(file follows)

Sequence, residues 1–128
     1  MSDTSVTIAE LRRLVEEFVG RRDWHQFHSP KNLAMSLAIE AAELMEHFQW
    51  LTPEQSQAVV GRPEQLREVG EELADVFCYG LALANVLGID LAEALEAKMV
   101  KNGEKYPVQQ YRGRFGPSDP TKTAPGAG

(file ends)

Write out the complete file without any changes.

Sequence, residues 1–128
     1  MSDTSVTIAE LRRLVEEFVG RRDWHQFHSP KNLAMSLAIE AAELMEHFQW
    51  LTPEQSQAVV GRPEQLREVG EELADVFCYG LALANVLGID LAEALEAKMV
   101  KNGEKYPVQQ YRGRFGPSDP TKTAPGAG